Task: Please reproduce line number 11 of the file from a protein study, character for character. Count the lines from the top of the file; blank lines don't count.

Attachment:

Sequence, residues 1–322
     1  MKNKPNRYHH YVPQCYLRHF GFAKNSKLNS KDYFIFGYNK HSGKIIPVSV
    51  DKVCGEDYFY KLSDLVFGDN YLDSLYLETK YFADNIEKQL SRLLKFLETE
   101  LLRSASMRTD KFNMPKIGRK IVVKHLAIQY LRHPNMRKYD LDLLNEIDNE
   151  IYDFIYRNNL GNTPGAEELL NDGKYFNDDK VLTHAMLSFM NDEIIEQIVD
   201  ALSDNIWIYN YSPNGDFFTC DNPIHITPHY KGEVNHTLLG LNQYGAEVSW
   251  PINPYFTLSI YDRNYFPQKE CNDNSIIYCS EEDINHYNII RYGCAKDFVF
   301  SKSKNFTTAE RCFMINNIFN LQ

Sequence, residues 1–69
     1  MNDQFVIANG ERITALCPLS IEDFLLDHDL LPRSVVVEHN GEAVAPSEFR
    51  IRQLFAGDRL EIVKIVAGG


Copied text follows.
    51  IRQLFAGDRL EIVKIVAGG